I met Brian Pulido a long time ago-- I think it was maybe 1990, right around the time he was publishing EVIL ERNIE #1. It was a splatterpunk book with some interesting angles to it, and (most interesting of all, to me) it was set in Long Branch, NJ... mere miles from where I was living as a teen and twentysomething. Brian was an interesting guy as well, intense and passionate and a great pitchman for his indy title. Activision in LA playing video games (which is both more and less fun than it sounds), I got in touch with Brian about writing some card backs, 'cause Chaos! was selling LOTS of card sets then-- it was just one of those "out of the blue" queries I sent out looking for work, since playing video games is not the ticket to vast fortune you might expect. He wrote back and put me in touch with Chaos!'s managing editor. She assigned me some card backs, I wrote 'em up and all was going well.
So well, in fact, that Brian asked if I'd consider a job with the company. He asked me to come out to Scottsdale, AZ, and talk-- which I did-- and we gabbed about the comics, the way they were going and what might be done with them. He was interested in my having done the WILDSTORMS! game and thought I had some good ideas about where Ernie, Lady Death et al might go next.
It was a huge ego stroke and it was comics (again!). When Brian called to offer me a job as "development editor," it took me all of a second to say yes. Money? Didn't matter, it was more than I was making. Moving? Yeah, I'd have to break a lease but heck, it wasn't going to cost me more to live in Arizona than LA. (HA!!)
Before I moved out, I had dinner with Brian, Clayburn Moore and Bill Liebowitz (the late, great presence behind Golden Apple Comics in LA), where we talked action figures and toy lines. I suggested accessory packs, which didn't go over all that well, but it was a good dinner and very productive; Clay was slated to the Evil Ernie figures and was very eager to get working.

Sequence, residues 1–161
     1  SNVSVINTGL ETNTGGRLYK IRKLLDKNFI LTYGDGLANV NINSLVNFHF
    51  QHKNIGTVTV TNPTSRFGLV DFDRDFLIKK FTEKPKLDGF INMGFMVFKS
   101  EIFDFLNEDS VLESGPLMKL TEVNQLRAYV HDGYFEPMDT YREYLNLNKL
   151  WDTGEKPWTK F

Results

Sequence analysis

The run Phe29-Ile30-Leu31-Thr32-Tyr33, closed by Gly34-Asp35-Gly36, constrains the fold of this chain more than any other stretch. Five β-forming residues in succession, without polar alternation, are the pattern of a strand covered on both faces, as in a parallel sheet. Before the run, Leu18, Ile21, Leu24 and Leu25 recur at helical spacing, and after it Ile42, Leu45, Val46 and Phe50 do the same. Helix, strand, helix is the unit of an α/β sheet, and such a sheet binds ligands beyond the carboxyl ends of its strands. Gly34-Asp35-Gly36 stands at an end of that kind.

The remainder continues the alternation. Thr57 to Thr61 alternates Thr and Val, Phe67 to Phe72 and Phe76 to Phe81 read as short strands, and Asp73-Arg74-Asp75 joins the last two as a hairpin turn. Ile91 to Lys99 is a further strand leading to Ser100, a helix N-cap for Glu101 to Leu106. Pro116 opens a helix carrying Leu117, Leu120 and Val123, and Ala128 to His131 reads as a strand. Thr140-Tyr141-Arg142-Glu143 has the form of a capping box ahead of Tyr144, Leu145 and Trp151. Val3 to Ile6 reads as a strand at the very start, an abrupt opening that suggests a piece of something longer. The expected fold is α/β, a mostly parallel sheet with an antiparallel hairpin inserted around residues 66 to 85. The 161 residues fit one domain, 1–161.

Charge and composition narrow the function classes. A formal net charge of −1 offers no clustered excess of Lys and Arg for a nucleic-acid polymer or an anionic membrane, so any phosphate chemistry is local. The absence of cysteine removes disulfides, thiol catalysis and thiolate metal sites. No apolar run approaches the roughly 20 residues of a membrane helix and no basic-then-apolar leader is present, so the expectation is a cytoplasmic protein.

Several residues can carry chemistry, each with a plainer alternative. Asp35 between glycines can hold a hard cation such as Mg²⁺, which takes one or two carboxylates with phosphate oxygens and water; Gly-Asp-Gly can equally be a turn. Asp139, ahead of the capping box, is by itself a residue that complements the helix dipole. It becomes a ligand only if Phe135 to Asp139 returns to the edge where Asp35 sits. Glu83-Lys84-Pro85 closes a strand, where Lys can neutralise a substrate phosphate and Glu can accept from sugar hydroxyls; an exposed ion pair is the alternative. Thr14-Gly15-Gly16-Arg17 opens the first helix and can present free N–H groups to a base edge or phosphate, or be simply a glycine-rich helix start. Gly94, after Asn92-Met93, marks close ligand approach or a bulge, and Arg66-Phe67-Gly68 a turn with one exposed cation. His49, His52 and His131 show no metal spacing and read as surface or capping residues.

When I moved out of LA-- a process that entailed renting a U-Haul and hiring a handful of day workers to move my stuff onto the truck-- I was eager and nervous myself. I moved in and spent a lonely weekend before starting work.
Once at the office, though, the Chaos! gang was cool, with Cheryl (the office's admin assistant) helping me find a place to live and everyone else welcoming me on board. I was given a nice office space, settled in and started reading everything Chaos! had published, while drafting a few ideas about games and long-term storylines.
I'd been in the job for a couple of weeks when the managing editor announced she was leaving and moving cross-country. This should have set off warning bells, especially when she said she thought the company would be in good hands with me as managing editor.